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New York City Real Estate Terminology

New York City Real Estate Terminology - Brownstone
1 to 6 floors. No doorman. Constructed during the late 1800s and early 1900s as single family homes. A majority were converted during WW II to create multiple units, from three to ten apartments in each building. Brownstones commonly include high ceilings, detailed architecture, & wood burning fireplaces. Sq. ft. is usually not as much, as in a building that provides a doorman.

Elevator Building
Usually in the mid blocks. Most are 6 to 9 stories and many will be on side streets. Probably does not have a doorman. Many will have intercom security, an on site superintendent and some pre-wars provide an elevator attendant.

Loft Apartment
4 to 12 story buildings. Loft apartments are created from large open space commercial buildings. Usually an elevator, but no doorman provided. Commonly found in lower Manhattan in areas like Chelsea, SoHo & Tribeca. Some lofts may have conditions to become a tenant, such as being a certified artist.

Luxury Doorman
20 to 40 or more floors, and 24 hour door service. These are also postwar buildings. Some larger facilities also have a concierge, that will provide services for receiving laundry and packages. Some of these buildings have a swimming pool, health club and a parking garage.

Walkup Building
Up to 5 floors. No doorman or elevator. Originally constructed as multiple family housing, usually one of the cheapest apartment choices. Sometimes these units are called flats, and can also be smaller units in comparison to newer buildings.

The area next the living room space that can be used as a dining area or be divided or closed off to make a bedroom, den, or office.

A unit with a very large alcove next to the living room that can be converted to a bedroom, or that can be utilized as a dining area. Also known as a flex or convertible, a junior is a 1 bedroom unit with a very large alcove and 1, maybe 2 bathrooms.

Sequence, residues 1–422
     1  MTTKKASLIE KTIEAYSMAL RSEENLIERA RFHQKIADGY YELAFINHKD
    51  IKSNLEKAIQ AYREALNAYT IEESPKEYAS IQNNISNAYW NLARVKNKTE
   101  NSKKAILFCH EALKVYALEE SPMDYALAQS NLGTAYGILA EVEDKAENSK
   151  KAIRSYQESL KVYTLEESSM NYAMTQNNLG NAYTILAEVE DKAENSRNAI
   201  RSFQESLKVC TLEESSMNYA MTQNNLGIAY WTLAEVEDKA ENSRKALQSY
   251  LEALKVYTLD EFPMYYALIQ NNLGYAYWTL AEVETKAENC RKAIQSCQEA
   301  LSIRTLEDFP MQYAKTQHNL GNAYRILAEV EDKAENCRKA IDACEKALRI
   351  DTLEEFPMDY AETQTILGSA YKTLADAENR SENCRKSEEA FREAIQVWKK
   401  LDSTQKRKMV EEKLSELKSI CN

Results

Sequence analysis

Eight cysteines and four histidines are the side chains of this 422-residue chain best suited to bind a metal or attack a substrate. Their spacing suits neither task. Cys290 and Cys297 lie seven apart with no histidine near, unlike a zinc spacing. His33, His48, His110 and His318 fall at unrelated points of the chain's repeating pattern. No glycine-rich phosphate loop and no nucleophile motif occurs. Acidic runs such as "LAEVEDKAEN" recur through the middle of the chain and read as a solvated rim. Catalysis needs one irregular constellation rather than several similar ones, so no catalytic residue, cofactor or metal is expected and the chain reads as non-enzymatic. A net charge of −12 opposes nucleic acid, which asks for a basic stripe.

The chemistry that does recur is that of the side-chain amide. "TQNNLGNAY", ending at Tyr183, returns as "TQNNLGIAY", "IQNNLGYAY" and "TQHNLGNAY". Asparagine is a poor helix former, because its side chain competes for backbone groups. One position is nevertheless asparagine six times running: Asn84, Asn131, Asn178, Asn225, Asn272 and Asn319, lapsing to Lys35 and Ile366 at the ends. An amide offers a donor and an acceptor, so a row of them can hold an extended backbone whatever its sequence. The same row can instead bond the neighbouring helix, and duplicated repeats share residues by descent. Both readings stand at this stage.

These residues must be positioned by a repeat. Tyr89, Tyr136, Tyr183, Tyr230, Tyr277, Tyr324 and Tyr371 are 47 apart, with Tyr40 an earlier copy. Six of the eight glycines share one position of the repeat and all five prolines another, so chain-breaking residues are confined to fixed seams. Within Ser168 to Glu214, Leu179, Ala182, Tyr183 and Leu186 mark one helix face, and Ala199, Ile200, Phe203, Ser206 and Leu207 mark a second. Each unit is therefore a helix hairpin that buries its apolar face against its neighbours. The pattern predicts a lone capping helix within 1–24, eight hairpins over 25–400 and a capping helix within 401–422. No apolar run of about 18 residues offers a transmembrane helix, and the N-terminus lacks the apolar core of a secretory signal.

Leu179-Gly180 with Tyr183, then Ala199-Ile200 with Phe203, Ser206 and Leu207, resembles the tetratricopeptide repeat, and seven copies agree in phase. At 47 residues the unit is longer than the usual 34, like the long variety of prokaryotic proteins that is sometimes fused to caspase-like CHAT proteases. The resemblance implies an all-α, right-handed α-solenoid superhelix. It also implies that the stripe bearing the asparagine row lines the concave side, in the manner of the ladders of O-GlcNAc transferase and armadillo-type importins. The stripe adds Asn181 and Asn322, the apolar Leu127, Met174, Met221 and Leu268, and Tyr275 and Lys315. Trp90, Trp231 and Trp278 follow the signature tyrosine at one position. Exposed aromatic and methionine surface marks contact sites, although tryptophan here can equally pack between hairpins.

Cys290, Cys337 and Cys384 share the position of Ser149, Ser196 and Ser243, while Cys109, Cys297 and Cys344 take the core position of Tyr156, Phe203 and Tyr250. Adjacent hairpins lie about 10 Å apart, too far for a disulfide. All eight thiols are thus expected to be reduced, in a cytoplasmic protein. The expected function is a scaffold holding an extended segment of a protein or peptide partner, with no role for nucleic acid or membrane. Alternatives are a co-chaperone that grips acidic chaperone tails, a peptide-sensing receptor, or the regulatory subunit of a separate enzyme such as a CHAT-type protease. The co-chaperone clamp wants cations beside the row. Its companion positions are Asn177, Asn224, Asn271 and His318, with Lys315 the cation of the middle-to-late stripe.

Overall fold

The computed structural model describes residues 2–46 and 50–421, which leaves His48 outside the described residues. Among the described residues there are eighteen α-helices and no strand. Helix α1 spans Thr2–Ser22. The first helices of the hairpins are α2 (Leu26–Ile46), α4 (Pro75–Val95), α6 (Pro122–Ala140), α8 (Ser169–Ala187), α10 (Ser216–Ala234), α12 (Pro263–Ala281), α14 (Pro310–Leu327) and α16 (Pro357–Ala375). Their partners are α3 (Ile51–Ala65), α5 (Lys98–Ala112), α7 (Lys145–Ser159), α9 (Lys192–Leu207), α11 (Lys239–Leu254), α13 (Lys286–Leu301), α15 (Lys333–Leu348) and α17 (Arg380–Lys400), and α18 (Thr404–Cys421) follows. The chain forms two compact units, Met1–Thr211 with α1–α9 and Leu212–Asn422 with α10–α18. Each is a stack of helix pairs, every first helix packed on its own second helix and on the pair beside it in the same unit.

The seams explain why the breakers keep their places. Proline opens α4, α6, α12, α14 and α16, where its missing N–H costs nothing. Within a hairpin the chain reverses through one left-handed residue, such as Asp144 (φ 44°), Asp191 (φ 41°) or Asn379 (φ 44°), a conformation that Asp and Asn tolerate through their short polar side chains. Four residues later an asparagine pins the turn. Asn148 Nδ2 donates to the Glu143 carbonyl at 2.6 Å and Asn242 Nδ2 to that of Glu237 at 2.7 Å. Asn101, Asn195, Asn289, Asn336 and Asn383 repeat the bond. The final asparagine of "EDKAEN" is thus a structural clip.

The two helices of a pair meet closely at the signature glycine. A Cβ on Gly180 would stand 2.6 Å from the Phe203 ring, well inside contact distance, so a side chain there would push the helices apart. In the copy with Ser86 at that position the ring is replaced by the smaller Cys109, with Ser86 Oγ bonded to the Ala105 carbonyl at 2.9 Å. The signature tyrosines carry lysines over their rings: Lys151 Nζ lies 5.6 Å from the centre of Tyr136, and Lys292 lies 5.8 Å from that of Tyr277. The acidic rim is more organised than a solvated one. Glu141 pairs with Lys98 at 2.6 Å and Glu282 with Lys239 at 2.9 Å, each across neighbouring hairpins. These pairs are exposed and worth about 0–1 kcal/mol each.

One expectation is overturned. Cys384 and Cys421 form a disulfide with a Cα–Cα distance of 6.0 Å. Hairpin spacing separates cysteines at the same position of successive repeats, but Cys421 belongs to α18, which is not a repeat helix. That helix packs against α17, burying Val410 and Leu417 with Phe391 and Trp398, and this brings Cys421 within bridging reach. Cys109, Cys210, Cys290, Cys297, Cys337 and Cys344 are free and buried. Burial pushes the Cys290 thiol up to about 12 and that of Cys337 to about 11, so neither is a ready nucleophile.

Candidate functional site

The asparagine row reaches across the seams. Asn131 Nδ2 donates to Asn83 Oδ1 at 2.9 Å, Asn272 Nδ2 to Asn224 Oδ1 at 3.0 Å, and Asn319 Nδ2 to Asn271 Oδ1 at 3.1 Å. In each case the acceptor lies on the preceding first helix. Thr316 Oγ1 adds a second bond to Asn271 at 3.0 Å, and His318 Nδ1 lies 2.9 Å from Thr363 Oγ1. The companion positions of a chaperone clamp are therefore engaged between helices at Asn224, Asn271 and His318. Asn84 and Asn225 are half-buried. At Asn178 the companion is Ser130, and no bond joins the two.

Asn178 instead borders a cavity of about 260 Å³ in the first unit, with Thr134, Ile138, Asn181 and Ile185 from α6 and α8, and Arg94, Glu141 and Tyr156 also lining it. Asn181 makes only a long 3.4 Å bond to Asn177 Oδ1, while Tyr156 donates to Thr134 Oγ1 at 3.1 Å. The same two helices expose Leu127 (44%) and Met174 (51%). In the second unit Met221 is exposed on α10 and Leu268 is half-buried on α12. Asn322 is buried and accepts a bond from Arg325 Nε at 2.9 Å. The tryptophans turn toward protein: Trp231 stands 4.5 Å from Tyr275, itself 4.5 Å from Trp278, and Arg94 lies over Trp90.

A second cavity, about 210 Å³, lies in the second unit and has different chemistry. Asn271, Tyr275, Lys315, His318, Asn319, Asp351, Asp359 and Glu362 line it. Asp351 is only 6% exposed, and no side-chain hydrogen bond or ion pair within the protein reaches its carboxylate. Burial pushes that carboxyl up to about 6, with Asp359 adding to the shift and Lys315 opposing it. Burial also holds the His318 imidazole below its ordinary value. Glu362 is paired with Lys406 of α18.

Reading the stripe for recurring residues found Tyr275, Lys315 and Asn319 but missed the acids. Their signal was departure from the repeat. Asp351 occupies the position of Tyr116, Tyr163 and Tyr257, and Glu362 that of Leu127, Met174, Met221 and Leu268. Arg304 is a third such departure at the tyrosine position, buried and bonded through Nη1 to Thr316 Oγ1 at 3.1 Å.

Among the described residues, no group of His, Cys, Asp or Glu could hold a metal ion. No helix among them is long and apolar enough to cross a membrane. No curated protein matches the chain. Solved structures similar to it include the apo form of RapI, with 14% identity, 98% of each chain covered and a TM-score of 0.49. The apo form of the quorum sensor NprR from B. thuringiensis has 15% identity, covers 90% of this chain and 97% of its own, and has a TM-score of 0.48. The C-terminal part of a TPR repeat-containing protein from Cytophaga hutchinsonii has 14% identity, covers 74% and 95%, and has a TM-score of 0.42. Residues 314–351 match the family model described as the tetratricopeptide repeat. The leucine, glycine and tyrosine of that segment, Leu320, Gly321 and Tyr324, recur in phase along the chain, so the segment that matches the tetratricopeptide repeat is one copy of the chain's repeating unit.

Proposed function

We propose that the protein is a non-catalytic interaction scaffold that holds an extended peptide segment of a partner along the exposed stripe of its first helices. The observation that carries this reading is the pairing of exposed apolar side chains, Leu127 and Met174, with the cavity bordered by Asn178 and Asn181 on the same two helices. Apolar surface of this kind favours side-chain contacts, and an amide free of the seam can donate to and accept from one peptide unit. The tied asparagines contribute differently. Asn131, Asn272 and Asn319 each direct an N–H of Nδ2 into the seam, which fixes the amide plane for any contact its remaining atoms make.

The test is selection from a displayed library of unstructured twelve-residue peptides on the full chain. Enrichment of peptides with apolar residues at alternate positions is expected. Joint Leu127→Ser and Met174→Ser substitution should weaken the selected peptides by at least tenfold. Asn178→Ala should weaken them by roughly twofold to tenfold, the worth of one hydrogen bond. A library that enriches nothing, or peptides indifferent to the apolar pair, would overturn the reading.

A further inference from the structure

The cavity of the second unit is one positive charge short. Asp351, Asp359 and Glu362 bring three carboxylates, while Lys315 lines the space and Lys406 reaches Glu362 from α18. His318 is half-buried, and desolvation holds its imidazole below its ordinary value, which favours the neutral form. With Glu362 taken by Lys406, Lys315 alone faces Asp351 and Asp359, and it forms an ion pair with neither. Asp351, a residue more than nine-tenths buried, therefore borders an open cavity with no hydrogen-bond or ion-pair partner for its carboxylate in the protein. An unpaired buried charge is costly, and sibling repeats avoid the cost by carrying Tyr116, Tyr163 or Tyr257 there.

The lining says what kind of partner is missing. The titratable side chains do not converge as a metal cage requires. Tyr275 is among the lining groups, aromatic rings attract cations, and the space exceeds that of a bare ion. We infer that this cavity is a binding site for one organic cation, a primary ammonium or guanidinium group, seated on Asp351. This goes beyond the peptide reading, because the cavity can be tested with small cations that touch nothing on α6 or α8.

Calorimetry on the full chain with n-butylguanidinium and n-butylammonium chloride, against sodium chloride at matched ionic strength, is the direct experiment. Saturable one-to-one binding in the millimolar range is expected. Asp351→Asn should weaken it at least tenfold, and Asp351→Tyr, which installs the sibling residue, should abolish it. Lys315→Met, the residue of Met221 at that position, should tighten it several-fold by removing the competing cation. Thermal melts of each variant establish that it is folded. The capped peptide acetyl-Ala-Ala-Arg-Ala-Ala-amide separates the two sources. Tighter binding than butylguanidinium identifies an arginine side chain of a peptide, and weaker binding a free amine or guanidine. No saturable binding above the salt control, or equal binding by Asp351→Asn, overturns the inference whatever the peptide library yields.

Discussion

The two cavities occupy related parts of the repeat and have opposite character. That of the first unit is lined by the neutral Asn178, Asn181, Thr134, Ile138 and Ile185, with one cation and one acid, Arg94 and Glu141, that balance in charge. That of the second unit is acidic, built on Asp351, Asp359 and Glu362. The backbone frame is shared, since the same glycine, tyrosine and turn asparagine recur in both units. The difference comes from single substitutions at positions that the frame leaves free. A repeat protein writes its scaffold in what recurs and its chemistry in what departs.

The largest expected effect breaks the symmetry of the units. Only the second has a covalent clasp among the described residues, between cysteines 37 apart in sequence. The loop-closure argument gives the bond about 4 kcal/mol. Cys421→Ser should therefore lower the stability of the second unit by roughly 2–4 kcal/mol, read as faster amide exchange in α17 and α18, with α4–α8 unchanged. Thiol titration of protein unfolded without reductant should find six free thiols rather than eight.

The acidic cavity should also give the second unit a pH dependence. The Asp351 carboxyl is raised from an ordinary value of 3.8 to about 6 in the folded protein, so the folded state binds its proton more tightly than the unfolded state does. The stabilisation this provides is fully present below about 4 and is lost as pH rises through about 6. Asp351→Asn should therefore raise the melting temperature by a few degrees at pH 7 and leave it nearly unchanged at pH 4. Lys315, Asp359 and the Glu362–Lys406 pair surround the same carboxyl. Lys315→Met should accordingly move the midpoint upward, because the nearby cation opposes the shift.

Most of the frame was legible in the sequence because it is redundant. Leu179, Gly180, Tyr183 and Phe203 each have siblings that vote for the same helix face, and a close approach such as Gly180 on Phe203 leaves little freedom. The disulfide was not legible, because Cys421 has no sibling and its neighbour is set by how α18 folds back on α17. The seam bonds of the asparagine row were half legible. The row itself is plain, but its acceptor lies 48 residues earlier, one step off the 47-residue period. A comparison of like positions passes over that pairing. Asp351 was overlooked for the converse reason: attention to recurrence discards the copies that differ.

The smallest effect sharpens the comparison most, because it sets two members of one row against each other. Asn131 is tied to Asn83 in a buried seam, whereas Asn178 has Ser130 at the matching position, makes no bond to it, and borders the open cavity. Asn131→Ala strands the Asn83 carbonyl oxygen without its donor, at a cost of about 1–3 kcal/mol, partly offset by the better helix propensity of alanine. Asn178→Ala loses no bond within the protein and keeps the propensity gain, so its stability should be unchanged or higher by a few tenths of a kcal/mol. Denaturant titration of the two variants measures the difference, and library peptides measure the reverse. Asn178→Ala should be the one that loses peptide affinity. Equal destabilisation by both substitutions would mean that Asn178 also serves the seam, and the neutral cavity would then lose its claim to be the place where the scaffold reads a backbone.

2 Bedroom
A two-bedroom can be a 4, 5 or 6 room apartment. A flex 3 is a 2 bedroom unit with enough space for an additional room (3rd bedroom, diningroom, den, maid's room, etc.).

Post-War Building
Constructed from 1946 through present. Outside of the buildings are commonly red, white, or brown brick. Usually not as expensive as prewars. Long hallways with multiple apartments per floor. 8 foot ceilings, large closets, and small kitchens. The basement contains the community laundry room.

A studio is a 2 room apartment, where a kitchen will be considered 1 room. The alcove studio is a studio with an alcove that can be used for sleeping or dining. A studio with an alcove that has a window, with enough room for a bed, is called a junior 3.

Pre-War Building
10 to 16 floors. Doorman or non doorman. Constructed in the 1900's to 1940s. Detailed exterior and interior architecture. Some features include hardwood floors, high ceilings, arched doorways, or fireplaces. Most are co-ops.

Loft Area
Usually you will find a loft area, in apartments with very high ceilings. A loft area will be constructed as an extra living space, sleeping space, or for storage purposes.

1 Bedroom
A 1 bedroom is a 3 room unit consisting of a living room, kitchen and bedroom. A 1 bedroom with an alcove that has a window, with enough room for a bed is also called a "junior 4".

For more information regarding this topic, please call Mike Williams at 516-921-9000 or email